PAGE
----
Defense ministers of the North Atlantic Treaty Organization agreed yesterday at their meeting in Brussels to buy 18 American-built early warning aircraft at a total cost of $1.8 billion.
The United States will pay the major part of the bill, 42 percent, West Germany will contribute 31 percent and Canada 10 percent. The other NATO partners will make up the rest.
The British contribution will be in the form of 11 Nimrod early warning aircraft to patrol the oceans around NATO countries, leaving the land surveillance to the Boeing 707s stuffed with electronic gear for that purpose.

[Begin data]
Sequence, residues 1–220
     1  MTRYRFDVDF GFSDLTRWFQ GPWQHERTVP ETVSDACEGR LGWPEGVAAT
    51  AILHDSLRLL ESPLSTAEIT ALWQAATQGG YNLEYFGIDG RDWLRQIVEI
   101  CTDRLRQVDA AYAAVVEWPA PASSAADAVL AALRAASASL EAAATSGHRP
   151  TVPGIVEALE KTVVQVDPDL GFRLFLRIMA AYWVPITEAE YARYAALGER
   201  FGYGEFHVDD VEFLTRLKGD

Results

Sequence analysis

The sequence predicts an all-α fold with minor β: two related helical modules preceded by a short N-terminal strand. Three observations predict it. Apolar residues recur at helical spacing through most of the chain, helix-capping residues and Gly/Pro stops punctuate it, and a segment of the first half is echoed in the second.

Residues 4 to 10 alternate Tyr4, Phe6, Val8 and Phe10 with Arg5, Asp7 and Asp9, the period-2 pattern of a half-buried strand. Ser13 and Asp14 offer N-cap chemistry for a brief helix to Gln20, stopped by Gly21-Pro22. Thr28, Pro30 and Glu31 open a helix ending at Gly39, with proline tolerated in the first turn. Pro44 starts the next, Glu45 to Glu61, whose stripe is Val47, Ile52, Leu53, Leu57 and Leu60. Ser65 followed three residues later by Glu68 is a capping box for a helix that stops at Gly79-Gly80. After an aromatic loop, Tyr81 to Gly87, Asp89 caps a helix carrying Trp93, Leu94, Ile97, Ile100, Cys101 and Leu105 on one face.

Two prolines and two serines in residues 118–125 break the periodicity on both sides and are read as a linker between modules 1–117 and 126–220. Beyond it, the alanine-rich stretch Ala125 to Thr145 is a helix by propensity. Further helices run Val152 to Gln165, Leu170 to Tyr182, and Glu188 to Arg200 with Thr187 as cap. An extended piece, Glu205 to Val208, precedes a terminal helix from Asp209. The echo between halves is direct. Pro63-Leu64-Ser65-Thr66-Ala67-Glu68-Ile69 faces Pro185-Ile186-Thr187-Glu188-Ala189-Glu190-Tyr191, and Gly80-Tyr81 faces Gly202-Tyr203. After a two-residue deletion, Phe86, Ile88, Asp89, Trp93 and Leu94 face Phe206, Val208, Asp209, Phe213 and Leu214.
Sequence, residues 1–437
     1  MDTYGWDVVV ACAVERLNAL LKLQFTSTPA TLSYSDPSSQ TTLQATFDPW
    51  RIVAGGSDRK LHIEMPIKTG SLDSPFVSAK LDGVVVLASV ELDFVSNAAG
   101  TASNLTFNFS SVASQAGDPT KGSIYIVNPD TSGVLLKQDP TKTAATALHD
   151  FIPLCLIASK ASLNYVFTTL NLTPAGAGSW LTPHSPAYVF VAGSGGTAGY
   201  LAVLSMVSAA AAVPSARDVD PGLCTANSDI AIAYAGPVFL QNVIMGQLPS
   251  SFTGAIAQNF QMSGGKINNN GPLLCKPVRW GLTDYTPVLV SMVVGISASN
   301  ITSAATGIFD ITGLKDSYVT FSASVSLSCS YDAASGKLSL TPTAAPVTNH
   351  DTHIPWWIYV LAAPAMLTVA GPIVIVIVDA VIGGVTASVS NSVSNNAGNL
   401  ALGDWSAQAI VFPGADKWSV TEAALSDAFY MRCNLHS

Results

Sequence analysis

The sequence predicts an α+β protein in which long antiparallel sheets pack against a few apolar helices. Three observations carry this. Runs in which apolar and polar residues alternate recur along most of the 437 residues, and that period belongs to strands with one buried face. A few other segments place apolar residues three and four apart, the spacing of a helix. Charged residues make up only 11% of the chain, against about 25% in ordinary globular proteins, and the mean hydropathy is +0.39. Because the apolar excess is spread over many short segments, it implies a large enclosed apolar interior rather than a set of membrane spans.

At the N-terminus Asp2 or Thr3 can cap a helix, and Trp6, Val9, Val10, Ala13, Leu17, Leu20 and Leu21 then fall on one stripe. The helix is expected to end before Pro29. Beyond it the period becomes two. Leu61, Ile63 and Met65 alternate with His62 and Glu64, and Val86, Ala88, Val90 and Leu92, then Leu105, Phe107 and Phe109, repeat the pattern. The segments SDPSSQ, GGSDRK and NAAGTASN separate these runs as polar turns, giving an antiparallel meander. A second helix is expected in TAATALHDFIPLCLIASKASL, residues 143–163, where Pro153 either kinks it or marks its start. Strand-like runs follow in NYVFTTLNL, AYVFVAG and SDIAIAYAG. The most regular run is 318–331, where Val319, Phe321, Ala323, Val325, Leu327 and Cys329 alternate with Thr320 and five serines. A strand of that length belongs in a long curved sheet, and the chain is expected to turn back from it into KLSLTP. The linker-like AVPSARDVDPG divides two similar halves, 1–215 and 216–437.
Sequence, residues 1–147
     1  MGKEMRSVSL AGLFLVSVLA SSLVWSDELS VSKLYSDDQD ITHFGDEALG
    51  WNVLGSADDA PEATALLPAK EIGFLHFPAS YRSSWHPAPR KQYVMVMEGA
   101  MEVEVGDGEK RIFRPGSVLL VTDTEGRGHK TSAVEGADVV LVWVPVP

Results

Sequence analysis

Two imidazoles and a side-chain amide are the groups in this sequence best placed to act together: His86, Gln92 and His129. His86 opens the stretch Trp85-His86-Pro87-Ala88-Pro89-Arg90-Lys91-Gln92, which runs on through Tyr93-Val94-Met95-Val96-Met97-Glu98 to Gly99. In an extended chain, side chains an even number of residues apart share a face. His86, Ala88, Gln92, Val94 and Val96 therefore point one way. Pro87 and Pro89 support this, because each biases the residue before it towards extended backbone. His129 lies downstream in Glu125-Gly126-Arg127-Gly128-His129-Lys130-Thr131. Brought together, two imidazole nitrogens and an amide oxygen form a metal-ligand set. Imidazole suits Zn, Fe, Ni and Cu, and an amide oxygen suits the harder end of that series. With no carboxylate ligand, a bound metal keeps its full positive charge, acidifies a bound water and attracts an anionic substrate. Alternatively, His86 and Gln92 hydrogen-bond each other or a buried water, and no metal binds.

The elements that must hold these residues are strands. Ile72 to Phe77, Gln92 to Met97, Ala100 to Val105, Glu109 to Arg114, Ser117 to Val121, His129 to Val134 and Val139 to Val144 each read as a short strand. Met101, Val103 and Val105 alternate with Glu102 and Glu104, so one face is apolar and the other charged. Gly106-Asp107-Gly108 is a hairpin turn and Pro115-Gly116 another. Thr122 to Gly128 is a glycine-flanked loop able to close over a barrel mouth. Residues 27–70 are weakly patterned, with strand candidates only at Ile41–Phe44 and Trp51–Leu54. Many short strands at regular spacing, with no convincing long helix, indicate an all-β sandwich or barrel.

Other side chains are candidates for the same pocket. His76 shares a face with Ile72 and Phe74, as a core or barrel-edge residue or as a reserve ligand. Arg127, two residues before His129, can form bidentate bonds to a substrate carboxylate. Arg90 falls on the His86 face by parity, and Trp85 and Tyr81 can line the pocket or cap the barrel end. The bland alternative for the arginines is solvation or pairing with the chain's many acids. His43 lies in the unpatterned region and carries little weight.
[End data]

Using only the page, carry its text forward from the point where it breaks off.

The idea of deploying the aircraft -- known as AWACS for airborne warning and control system -- is to provide warning of Soviet attacks by land or sea. The planes have look-down radar for spotting low-flying aircraft or missiles.
The first Boeing AWACS will be deployed in 1982 and the whole fleet of 18 is scheduled to be in position by 1985. Their home base will be Geilenkirchen, West Germany.
The British Nimrods will patrol the seas from bases in Britain.
One question the Pentagon faces is whether to add money to its $2.2 billion fiscal 1979 request to go to Congress in January to finance the U.S. AWACS contribution or handle it within the fiscal 1980 budget now in preparation.